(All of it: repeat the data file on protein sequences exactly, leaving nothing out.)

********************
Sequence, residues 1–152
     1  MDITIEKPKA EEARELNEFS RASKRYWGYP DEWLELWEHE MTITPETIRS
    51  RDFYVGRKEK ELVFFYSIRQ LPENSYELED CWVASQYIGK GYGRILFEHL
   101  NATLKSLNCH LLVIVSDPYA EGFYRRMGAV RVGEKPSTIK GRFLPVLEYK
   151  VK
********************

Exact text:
Sequence, residues 1–152
     1  MDITIEKPKA EEARELNEFS RASKRYWGYP DEWLELWEHE MTITPETIRS
    51  RDFYVGRKEK ELVFFYSIRQ LPENSYELED CWVASQYIGK GYGRILFEHL
   101  NATLKSLNCH LLVIVSDPYA EGFYRRMGAV RVGEKPSTIK GRFLPVLEYK
   151  VK